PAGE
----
Last year marked the strongest year for corporate pension plans since before the global financial crisis.
Global advisory firm Willis Towers Watson estimates that the aggregate funded status of the largest corporate pension plans in the U.S. jumped to 96 percent in 2021, an eight percentage point increase from the end of 2020.
The consulting and investment firm analyzed pension plan data for 361 Fortune 1000 companies that sponsor U.S. defined benefit pension plans and have a December fiscal year-end date. While the actual year-end 2021 results won’t be available for a few months, WTW’s estimates for the 2021 fiscal year show that the nation’s largest corporate pension plans achieved the highest aggregate funded status since 2007, when plans were 107 percent funded. In the years between, the overall funded level for country’s largest corporate pension plans hovered between 71 percent and 89 percent.
In a Monday press release, WTW attributed the sharp improvement to strong investment returns and rising interest rates. The firm estimated that the 2021 investment returns of the country’s largest corporate pension plans averaged 8.9 percent.
“There’s two clear drivers of the increase we saw this year: Equity returns certainly were at higher levels than we’ve seen, and the increases in interest rates decreased the liabilities,” Jennifer Lewis, WTW’s senior director of retirement, told Institutional Investor. “The combination of the two led to that 8 percentage point increase in aggregate funded status.”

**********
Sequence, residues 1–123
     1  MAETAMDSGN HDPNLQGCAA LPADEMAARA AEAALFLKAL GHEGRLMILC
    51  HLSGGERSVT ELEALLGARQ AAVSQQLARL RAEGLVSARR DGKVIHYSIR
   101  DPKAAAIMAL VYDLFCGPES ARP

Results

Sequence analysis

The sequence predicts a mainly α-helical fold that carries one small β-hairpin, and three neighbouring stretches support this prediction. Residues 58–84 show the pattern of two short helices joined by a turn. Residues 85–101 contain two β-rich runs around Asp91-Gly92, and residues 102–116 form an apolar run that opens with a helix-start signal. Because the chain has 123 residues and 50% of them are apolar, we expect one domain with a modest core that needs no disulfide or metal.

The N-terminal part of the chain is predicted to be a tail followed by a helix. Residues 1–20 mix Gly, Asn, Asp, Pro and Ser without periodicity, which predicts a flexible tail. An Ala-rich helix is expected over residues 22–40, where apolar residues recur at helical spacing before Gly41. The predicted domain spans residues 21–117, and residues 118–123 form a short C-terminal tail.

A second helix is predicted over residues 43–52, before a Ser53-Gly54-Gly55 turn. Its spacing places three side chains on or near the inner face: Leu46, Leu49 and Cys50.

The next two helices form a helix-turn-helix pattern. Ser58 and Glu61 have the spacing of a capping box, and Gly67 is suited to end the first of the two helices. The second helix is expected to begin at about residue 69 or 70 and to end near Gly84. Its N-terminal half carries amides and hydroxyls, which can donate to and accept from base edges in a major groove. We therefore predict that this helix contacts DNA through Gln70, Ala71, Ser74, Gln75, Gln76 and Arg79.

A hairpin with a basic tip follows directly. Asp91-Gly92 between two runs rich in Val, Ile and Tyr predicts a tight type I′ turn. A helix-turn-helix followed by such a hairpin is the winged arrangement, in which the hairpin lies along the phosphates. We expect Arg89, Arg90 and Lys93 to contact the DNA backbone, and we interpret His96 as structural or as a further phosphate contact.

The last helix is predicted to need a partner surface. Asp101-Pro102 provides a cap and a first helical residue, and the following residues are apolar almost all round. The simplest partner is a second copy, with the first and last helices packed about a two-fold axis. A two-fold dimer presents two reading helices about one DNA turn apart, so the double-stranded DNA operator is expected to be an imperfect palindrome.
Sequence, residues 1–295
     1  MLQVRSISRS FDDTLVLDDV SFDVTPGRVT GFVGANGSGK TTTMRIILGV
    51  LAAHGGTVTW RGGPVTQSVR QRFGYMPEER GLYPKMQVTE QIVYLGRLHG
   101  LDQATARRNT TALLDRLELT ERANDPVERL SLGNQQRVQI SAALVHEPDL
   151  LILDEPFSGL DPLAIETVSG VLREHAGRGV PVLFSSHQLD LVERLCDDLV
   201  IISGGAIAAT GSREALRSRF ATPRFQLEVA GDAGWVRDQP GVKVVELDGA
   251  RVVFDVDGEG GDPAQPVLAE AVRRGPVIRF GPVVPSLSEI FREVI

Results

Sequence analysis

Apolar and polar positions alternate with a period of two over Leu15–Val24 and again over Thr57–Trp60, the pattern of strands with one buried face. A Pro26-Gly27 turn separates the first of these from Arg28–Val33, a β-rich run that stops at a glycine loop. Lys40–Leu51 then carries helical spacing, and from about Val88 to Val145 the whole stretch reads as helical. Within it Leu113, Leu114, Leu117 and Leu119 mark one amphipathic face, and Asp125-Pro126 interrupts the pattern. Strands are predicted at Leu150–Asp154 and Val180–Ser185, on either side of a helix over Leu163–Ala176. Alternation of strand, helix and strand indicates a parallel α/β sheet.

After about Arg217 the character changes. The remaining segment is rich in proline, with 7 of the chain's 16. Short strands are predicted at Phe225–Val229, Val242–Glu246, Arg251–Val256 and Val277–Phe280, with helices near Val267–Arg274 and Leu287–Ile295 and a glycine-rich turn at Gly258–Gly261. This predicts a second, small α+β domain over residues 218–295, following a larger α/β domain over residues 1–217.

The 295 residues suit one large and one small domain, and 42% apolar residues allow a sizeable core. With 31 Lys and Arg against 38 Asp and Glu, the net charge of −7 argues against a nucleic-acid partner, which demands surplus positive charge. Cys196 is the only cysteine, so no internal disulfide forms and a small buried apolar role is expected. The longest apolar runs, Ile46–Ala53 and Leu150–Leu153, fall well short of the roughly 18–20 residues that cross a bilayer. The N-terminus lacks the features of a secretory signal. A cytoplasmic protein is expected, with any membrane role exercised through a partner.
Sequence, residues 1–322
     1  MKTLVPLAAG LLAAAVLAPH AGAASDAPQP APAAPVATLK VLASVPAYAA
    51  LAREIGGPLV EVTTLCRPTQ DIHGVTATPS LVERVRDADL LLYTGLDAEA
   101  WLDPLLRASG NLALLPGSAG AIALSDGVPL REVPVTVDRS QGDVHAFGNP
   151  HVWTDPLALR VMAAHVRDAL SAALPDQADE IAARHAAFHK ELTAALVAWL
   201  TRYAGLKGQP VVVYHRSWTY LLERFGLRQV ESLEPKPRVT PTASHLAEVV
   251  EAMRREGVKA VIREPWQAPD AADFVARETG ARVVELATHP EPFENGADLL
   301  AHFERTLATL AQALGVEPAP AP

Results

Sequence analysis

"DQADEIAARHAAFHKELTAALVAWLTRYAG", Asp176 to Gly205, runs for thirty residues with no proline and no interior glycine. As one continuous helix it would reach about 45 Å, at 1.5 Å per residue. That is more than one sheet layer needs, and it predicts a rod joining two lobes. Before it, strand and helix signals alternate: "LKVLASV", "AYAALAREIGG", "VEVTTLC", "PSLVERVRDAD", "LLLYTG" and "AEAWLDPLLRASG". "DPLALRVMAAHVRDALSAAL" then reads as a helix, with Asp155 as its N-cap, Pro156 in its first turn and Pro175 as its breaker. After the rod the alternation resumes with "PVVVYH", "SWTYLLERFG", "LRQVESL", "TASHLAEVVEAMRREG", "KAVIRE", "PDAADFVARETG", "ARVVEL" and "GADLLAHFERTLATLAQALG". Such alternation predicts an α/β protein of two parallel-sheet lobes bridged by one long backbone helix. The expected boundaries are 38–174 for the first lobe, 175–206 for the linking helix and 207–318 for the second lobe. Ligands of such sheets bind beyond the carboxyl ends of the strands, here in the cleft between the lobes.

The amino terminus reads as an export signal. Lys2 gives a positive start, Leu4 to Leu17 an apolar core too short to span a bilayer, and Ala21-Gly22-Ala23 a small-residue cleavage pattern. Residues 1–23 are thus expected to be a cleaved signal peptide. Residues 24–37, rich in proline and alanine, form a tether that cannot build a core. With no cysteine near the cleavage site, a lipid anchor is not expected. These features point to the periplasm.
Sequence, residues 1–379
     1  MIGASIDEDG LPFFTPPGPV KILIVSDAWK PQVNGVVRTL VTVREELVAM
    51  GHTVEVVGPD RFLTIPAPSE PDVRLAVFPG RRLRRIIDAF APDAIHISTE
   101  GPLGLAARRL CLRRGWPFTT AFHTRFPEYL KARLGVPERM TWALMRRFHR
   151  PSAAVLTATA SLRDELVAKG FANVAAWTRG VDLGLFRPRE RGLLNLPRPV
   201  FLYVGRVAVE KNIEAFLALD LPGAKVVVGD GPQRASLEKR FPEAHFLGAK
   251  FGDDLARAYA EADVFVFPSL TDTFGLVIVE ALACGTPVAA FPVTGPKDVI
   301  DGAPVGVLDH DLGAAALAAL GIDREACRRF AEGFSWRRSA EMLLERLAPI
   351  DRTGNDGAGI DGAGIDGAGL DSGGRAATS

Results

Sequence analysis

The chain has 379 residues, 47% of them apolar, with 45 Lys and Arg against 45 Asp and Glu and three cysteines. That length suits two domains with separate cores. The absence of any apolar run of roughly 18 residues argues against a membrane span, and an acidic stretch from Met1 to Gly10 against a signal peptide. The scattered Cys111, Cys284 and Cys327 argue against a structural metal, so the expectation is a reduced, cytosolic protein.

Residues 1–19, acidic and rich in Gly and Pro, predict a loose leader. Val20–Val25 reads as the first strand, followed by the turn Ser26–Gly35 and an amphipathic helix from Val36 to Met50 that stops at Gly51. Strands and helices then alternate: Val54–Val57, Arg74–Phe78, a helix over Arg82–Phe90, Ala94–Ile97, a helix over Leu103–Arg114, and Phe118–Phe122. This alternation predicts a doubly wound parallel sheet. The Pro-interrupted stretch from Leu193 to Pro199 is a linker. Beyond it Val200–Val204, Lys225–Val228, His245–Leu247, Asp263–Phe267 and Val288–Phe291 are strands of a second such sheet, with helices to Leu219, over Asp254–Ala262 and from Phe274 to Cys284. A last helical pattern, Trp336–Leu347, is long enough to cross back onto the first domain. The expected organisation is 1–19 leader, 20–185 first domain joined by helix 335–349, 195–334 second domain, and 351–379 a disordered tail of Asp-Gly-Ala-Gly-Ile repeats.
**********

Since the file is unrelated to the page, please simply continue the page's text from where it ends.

Another investment consulting firm, Wilshire, similarly reported a 7.5 percentage point increase from December 2020, estimating that corporate pension plans ended 2021 with an aggregate funded status of 95.3 percent. In a statement Monday, Wilshire said the improvement was “primarily due to a 6 percentage point decrease in liability and a 2 percentage point increase in asset values.”
According to WTW, corporate pension plans’ investment returns varied drastically by asset class. Domestic large capitalization equity portfolios grew 29 percent in 2021, while U.S. small- and mid-cap equities generated gains of 18 percent. But fixed income portfolios didn’t fare so well, with investments in aggregate, corporate, and long government bonds delivering losses of 2 percent, 1 percent, and 5 percent, respectively.
Overall, corporate pension plans’ assets increased by 1 percent, driven largely by outperformance in equities, Lewis said.
WTW said 2021 was also a record for pension risk transfers, instances in which defined benefit plans offload a portion of their liabilities. Lewis said she expects this trend to continue into 2022.
“We think that there are a lot of opportunities for plans in 2022 as plans are close to or above full funding levels,” she said. “We'll see more of those pension transfers, but [we’ll also see] companies realigning their goals and looking at how to ensure that they’re well positioned for the long term.”